The chief executive of Northampton Borough Council who was roundly criticised over his handling of the £10.2 million Sixfields loan has handed in his notice. But with mounting pressure on all fronts, he had to.
David Kennedy, who was last reported to be on a £135,000-a-year wage at the authority, sent an email to staff at the Guildhall stating his intention to step down on Tuesday.
The circular, leaked to the Chronicle & Echo, read that he was “very proud to have worked for Northampton Borough Council and to lead such an incredibly talented and committed team in Northampton”.
But many will argue the cheery goodbye from the chief executive belied the fact he has been living on borrowed time at the council for months.
Cast your mind back to November 2016 and the publication of the Pricewaterhouse cooper’s damning report into the council’s Sixfields dealings.
Among a catalogue of failings, it found the authority’s cabinet were asked to approve a loan of up to £12 million weeks before independent legal advice was sought from experts; checks on the progress of the stadium involved little more than a drive past in a car and officers were pressured to rush through paperwork for the loan.
The rest is history. The stadium renovation the money was meant to pay for never happened, the money went missing.
A fortnight ago, it was revealed the council had spent £950,000 trying to recover the money it had loaned through legal means.
To this date, the pricey litigation has yielded nothing.
Many felt Mr Kennedy would have to fall on his sword on the release of the PwC report.
But he didn’t. Instead, on a cold night in November the borough boss told an audit committee meeting that he was sorry.
“I would like to apologise unreservedly on behalf of myself and all the officers involved,” he said. “We seek to set high standards for ourselves and other offices.
“It is with deep regret I see the extent to which we didn’t meet those standards.”
Mr Kennedy, it seemed, had rode the storm and even won the support of council leader Councillor Jonathan Nunn.
“No one feels the need to put things right a much as I do and he does,” Councillor Nunn told the Chron in late 2016.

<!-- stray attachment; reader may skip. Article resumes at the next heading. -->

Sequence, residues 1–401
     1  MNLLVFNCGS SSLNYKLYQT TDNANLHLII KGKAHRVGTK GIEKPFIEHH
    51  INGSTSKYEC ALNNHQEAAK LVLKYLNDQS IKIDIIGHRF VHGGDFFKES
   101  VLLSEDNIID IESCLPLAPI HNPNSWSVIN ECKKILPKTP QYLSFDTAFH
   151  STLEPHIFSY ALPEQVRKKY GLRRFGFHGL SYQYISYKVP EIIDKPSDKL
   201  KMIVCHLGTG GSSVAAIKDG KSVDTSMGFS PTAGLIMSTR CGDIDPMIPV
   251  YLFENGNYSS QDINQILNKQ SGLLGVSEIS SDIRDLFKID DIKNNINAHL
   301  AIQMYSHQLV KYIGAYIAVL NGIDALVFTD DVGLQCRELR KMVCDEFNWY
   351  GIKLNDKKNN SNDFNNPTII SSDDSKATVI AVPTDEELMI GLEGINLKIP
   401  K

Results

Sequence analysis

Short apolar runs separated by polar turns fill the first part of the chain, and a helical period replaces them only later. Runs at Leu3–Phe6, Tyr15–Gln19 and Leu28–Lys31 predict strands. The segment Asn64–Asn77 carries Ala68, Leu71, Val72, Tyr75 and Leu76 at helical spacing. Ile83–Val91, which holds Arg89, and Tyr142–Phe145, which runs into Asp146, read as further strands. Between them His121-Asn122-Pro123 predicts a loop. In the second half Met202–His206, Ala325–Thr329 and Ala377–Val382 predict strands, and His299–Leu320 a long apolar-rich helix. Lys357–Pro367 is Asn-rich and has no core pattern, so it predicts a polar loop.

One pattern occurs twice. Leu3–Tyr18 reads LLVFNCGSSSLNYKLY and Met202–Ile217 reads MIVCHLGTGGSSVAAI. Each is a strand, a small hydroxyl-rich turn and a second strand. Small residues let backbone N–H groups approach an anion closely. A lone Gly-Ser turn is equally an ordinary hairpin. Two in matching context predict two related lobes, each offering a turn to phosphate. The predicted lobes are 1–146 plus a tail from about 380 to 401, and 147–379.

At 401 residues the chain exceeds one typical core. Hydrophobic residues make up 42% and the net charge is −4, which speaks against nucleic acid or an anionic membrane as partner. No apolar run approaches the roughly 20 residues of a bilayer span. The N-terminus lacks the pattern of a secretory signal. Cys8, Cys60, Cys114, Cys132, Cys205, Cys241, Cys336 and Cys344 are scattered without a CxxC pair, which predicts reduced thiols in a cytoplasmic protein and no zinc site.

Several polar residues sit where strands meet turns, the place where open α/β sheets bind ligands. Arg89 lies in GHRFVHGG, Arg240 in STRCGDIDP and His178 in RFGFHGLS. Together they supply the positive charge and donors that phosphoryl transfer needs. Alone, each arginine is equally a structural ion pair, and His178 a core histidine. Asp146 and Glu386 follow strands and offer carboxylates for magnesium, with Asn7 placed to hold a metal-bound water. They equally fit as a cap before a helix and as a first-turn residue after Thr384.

But the criticism of the way he oversaw the Sixfields loan stretched much further than the flimsy terms of the agreement he helped to draw up.
Just two weeks before the loan was agreed in 2013, Mr Kennedy had attended the wedding of then Cobblers director David Jackson, prompting questions over whether he should have declared this as an interest in drawing up that cabinet report. Property developer and estate agent owner
Mr Jackson said the chief executive was “more of an acquaintance” who lived in the same village.
But it prompted the council to set up a special committee to review whether Mr Kennedy broke council rules by not declaring his proximity to the estate agent owner.
A fortnight ago, the pressure mounted further. It was reported Mr Kennedy had also been interviewed under caution by police as part of the Sixfields loan investigation. There is no suggestion that this was a view to pressing any charges, but formed part of the overall investigation.
One thing was becoming abundantly clear among Guildhall sources, however. Mr Kennedy, the overseer of multi-million developments from Abington Street to the North Gate bus station was becoming a distraction.
As one opposition leader told the Chron, he had to go. Indeed, perhaps it is a wonder the chief executive carried on for so long.
OPPOSITION LEADER: BOROUGH CHIEF WAS CARRYING TOO MUCH BAGGAGE
The outgoing chief executive of Northampton Borough Council oversaw a great period of change in Northampton - but he was carrying too much baggage, an opposition leader has argued.
Liberal Democrat leader Councillor Sally Beardsworth (Kingsthorpe) said: “He has been with us for 10 years now and I think it was time for a change.
“I think it does get rid of some of the baggage that David Kennedy was carrying around with him, particularly the Sixfields loan. “I think it has been working towards this for a while. He didn’t seem to have the same enthusiasm he did at the beginning.
Comments from the other council leaders were less forthcoming.
Council leader of the Conservative administration Councilor Jonathan Nunn, said it would be “inappropriate” for him to comment.
A similar response was received from Labour group leader Councillor Danielle Stone.
When Mr Kennedy took over as chief executive in 2007, he had wandered into a council branded as the worst in the country.
Before he moved to Northampton, had also worked at Barnsley Council, as the authority’s deputy chief executive. He has been described as a ‘big hitter’ who was responsible for attracting 400 million of investment into Barnsley.
But, despite his efforts in taking Northampton off the foot of the councils league table, a spokesman for the authority confirmed the outgoing boss would not be receiving a golden goodbye.
“Mr Kennedy’s resignation is not the subject of any termination payment, pension enhancement or settlement agreement,” he said.
Editor’s Note: An earlier version of this story referred to Mr Kennedy as “the architect of the deal” regarding the £10.25m loan to Northampton Town Football Club. We have been asked to make it clear that this was not the case and we are happy to make the clarification.”